Regulating risk and thereby preventing another financial crisis has been the objective of macroprudential regulation by the Federal Reserve since the financial crisis of 2007-8. The Dodd-Frank Act, signed into law in 2010, mandated that the Federal Reserve Board and other financial regulatory agencies reduce the risk of a financial crisis such as the one in 2007 and 2008. This regulation involves the Federal Reserve in assessments of whether firms’ activities are prudent in a wide variety of markets with different risk.
Macroprudential regulation is regulation of banks and other firms to prevent them from taking actions which pose a risk to the economy, even if the activity is not a risk to the institutions themselves. An underlying premise is that financial institutions will take risks that can result in a financial crisis and that the Federal Reserve and other regulators can discern the risk of a financial crisis and can prevent banks from taking those risks.
This task is effectively impossible. It is similar in some respects to the general problem of socialist calculation. A central authority or planner cannot know everything that is known to the individual participants in markets. Furthermore, financial crises have certain similarities, but the differences probably are at least as important as the similarities. The risk regulator is in danger of fighting the last war: averting the conditions that led to the last financial crisis but doing nothing to prevent the conditions for the next financial crisis.
A recent development illustrates the problem with such risk regulation.
Risks associated with leveraged loans have been in the news recently. The term “leveraged loans” does not have a precise, commonly agreed definition. Generally speaking, leveraged loans are loans to highly leveraged firms and loans to firms with low credit ratings, although other criteria also are used. In short, leveraged loans are riskier than typical loans. They are similar to subprime mortgage loans — mortgage loans to households with a low credit rating, a bad credit history, or both — which were an important factor in the financial crisis of 2007-8. These loans often are securitized as financial instruments, namely collateralized loan obligations (CLOs).
The Federal Reserve Board has some concern that leveraged loans have been growing too rapidly recently. This concern echoes that of an international organization, the Financial Stability Board. The Financial Stability Board is chaired by Richard Quarles, who is vice chair for supervision on the board. The Financial Stability Board is an international organization concerned, as the name suggests, with financial stability. It recently issued a report on the leveraged-loan market. Indicative of what can be concluded, the summary (2¼ pages long) includes “may” four times, “might” one time, and “could” seven times.
The summary can itself by summarized by selected sentences:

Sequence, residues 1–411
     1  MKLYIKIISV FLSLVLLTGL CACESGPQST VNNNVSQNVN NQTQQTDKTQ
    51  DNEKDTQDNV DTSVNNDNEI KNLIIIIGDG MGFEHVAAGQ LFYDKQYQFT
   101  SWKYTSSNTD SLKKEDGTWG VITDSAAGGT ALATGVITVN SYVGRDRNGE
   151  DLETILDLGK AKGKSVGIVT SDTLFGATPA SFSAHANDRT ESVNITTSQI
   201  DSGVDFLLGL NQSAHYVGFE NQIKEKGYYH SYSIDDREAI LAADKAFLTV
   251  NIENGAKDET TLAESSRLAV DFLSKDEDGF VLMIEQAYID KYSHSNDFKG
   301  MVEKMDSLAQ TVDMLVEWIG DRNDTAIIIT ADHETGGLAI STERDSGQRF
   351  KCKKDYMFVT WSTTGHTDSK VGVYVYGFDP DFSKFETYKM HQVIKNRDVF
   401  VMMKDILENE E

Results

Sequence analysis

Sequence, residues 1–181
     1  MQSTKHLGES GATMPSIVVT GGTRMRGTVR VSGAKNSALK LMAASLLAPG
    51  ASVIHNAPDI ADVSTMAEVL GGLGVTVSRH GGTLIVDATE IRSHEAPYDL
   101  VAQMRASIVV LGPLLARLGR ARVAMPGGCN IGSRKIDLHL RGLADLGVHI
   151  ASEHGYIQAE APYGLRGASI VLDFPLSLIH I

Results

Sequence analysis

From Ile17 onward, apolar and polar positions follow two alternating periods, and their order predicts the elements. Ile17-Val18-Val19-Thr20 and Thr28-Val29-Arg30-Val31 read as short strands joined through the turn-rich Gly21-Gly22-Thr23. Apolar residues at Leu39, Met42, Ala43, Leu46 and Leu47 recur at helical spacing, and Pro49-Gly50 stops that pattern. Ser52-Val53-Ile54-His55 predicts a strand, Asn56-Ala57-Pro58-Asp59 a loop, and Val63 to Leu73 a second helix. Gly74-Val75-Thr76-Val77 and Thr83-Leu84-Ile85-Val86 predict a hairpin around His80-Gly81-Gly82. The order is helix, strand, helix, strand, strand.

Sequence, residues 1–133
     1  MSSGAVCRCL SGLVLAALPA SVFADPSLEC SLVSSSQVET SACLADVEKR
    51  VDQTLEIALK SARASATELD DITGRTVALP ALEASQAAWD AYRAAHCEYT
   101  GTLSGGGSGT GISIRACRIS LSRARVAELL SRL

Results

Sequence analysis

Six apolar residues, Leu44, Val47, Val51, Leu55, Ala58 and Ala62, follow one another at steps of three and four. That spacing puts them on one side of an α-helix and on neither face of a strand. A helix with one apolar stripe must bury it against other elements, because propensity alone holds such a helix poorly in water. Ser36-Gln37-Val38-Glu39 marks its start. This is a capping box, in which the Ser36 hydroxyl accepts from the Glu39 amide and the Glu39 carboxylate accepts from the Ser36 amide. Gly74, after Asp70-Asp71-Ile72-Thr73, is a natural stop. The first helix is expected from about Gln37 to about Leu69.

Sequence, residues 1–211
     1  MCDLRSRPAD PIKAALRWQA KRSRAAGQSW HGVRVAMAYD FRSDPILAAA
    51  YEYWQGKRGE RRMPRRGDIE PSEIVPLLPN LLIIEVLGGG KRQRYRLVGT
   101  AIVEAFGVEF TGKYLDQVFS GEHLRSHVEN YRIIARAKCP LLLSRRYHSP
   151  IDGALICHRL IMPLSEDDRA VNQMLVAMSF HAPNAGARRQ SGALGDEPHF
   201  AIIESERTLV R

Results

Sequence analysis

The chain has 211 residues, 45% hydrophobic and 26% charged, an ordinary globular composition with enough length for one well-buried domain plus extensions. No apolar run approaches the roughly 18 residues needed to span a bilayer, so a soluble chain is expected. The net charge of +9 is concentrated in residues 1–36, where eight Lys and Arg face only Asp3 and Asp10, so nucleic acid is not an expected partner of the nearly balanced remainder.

[Leveraged-loan markets] may be more vulnerable to macroeconomic shocks than in the past, and stress in leveraged loan markets could disrupt other markets.… While banks are more resilient to these risks due to higher levels of capital and liquidity as the result of post-crisis reforms, the degree of bank resilience against downturns may be difficult to judge.… Stress episodes could … have negative implications for insurers, pension funds and other non-banks with CLO exposures. … The FSB will consider whether there is scope to close data gaps, will continue to analyse the financial stability risks and will discuss the regulatory and supervisory implications associated with leveraged loans and CLOs.
The FSB report itself says: “A comprehensive assessment of the system-wide implications of the exposures of financial institutions to leveraged loans and CLOs is challenging.”
Is it possible that leveraged loans could be associated with a financial crisis? The answer to this almost surely is yes.
The more important question for regulation: Is it possible to know what regulation or regulations of leveraged loans can reduce the risk of a financial crisis? More precisely, is it possible to assess the likely benefits of regulation in reducing the probability of a financial crisis and to decide on the proper course?
The answer to this is no. First, estimates of how leveraged loans could lead to a crisis would have to be developed. It is difficult to conceive of having a very precise estimate of this. The recent financial crisis unfolded in a way that few if any expected, and there is no evidence those few souls who expected the last financial crisis (1) were in the regulatory community or (2) have superior ability in predicting other financial crises.
For an economist, even if not most other people, another question bedevils such regulation. It is easy to see how to reduce the risk of a financial crisis associated with leveraged loans: prohibit them. The reason for not doing this, of course, is that leveraged loans and many other financial instruments and markets have benefits to participants and to the U.S. economy at large.
How big are those benefits? No one knows. How big are the costs of various possible regulations applied to leveraged loans? No one knows. The balancing act of simply regulating leveraged loans requires knowledge that simply is not available to the Federal Reserve Board with the precision necessary to do anything that is likely to be helpful.
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